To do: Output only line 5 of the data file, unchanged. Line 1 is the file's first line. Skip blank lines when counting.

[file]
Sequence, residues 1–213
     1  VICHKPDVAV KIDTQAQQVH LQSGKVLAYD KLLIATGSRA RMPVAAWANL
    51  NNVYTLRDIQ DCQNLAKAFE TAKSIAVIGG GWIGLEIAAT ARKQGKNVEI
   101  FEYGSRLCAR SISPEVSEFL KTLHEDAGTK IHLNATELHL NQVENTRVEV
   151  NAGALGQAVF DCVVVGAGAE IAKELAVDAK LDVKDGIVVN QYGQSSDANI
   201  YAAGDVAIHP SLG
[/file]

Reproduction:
   151  NAGALGQAVF DCVVVGAGAE IAKELAVDAK LDVKDGIVVN QYGQSSDANI